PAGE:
Want to cause a dispute among comics fans? Ask them about big blockbuster crossovers. Most fans claim to hate the dang things, and yet they still shell out good money to read them. Many come out like clockwork, and storylines inbetween seem to be more the calm between storms. Publishers promise big changes. “Nothing will be the same!” they say. Rarely is this ever the case, and many changes are so minor the fans barely notice. Even if resurrection were not a distinct possibility in any case that doesn’t involve removing a tragic backstory, most fans know better than to assume many characters will actually stay dead. Usually its more like, “This character will remain dead until we figure out how to bring them back in at least a somewhat plausible manner.”
In the end, most crossovers don’t do much. DC has Convergence coming this summer, just in time for the 30th anniversary of Crisis on Infinite Earths, probably the only crossover to actually make massive changes that really stuck for the longest time. Marvel is doing a new Secret Wars that is doing…something. Neither publisher is saying anything, and that just stokes the Jimmy Impossibles of the world to a frenzy until someone is left cleaning up an awful mess of drool and disappointment.
I’m not expecting either Convergence or Secret Wars to do much of anything. There will be some minor cosmetic changes, and Marvel will probably finally end the Ultimate line, most likely while sticking Miles Morales in the regular universe and maybe a couple other hold-overs. Marvel’s never committed to the full reboot and I don’t see that changing anytime soon.
DC, on the other hand, has committed to the occasional reboot, starting with the original Crisis and including the current New 52. But really, in retrospect, the original Crisis didn’t change too much. The multiverse went away, characters that couldn’t fit into the new One Earth ceased to exist, and Superman, Wonder Woman, and Hawkman got major backstory revisions, and Hawkman’s changes were due more to editorial mistakes than anything else. Even Batman in Year One didn’t change too much. That was more of updating the character and publishing some heretofor unrevealed backstory filling in the gaps between his parents’ murder and putting on a cape for the first time. There were some other minor changes here and there. Wonder Woman was no longer a Justice League founder, but Black Canary could be. J’onn J’onzz got a modified Martian look and was now the last of his kind. Mostly, no one remembered there used to be more than one Earth and a Supergirl, and that was that.The Wonder Woman reboot caused issues with Donna Troy, who never should have existed as a separate character in the first place, but most of what happened was to update old characters and get rid of ones that weren’t of much use anymore.
But since then, DC has done the equivalent of a software patch to that old storyline, beginning with stuff like Zero Hour, Infinite Crisis, and Flashpoint. I really don’t expect much to happen with Convergence.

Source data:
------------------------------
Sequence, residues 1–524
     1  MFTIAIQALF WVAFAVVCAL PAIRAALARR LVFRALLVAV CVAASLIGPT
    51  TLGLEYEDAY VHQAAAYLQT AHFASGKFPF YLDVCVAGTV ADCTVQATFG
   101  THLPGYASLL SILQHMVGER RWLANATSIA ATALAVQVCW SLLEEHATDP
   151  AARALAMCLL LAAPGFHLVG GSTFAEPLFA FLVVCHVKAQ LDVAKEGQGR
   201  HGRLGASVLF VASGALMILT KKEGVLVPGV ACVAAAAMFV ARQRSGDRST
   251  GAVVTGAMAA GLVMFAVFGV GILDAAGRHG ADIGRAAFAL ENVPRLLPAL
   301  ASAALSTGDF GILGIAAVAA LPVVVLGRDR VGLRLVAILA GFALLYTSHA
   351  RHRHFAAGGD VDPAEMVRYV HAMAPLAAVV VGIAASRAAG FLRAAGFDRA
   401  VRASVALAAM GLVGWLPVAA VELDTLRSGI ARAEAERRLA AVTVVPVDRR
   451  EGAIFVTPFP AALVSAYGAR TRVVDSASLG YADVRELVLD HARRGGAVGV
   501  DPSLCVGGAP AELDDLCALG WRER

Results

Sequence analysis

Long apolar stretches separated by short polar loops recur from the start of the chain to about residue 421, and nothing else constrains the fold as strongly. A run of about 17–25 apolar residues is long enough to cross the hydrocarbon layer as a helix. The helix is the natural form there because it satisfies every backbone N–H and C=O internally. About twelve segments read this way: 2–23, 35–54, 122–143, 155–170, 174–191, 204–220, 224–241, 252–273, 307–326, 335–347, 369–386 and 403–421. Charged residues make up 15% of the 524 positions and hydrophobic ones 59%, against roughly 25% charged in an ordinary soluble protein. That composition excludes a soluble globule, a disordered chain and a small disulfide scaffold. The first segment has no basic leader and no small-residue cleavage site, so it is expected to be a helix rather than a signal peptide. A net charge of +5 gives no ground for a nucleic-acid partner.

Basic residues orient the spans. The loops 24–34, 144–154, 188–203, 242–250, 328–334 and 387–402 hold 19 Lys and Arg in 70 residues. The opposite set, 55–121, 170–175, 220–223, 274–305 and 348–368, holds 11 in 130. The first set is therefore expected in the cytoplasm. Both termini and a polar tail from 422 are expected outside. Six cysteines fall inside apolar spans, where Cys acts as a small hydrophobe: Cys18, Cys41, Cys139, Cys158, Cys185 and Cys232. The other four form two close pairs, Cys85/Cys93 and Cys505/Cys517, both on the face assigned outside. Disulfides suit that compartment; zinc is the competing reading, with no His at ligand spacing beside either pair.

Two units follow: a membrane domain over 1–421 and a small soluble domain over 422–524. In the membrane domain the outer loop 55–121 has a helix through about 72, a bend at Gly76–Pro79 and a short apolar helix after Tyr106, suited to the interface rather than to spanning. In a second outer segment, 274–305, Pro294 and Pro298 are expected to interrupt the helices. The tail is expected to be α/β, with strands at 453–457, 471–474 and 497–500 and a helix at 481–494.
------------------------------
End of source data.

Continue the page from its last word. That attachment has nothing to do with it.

What I mostly want to see is what few of these stories deliver. I want casts of thousands engaged in the real struggle. Again, probably because George Perez did the artwork and he actually can draw a cast of thousands before lunch, Crisis on Infinite Earths may be the only one to actually achieve that goal.
Now, the Crisis had numerous problems. It actually isn’t very well plotted. The Anti-Monitor seems to keep coming back for more, and his plans change every issue. There’s only so many times you can defeat a godlike being before it gets old. But the bottom line here is that this is the only real crossover to make massive permanent (or as permanent as comics get) changes.
Compare that to Marvel’s Secret Wars, a much less ambitious outing by comparison. My old trade for that in the end talked about all the big changes that storyline brought about. They were:
- Spider-Man now has a black costume!
- Professor X is walking and is now the X-Men’s field leader!
- Colossus and Kitty Pryde break up!
- Ben Grimm stays behind on Battleworld and can become human at times!
- The She-Hulk is now a member of the Fantastic Four!
- Something about the Hulk’s intelligence…I don’t remember much there.
Of those, only the black costume really made any lasting changes.
Let’s face it: most crossovers are forgettable or don’t resolve much of anything. Some even seem to be there to set up the next crossover. Brian Michael Bendis excelled in that latter one, blowing up the Avengers to set up the New Avengers, then having Secret Invasion set up the Dark Reign which later led to Seige. Some of those would likewise not have been possible without Civil War so it makes a good deal of sense that Bendis got the most use out of the Superhero Registration Act going forward from there. The net result for all that work was to remove the classic Avengers line-up only to eventually resurrect the team with Steve Rogers, Tony Stark, and Thor at the center all over again.
And still, there are the forgettable ones. Who remembers Marvel’s Maximum Security?
So, to conclude, let me praise one crossover that seemed to understand what it was doing: World War Hulk. It was far from great, but it made no lasting changes to the Marvel Universe, didn’t claim it would, or even kill anyone off. Rick Jones got stabbed, but was seen being loaded into an ambulance. Really, all Marvel promised was the Hulk was returning to Earth after the fantastic Planet Hulk storyline in his own books, and he was going to smash the Illuminati. What did he do? He came back to Earth and smashed the Illuminati. It delivered exactly what it promised. That was good enough for me.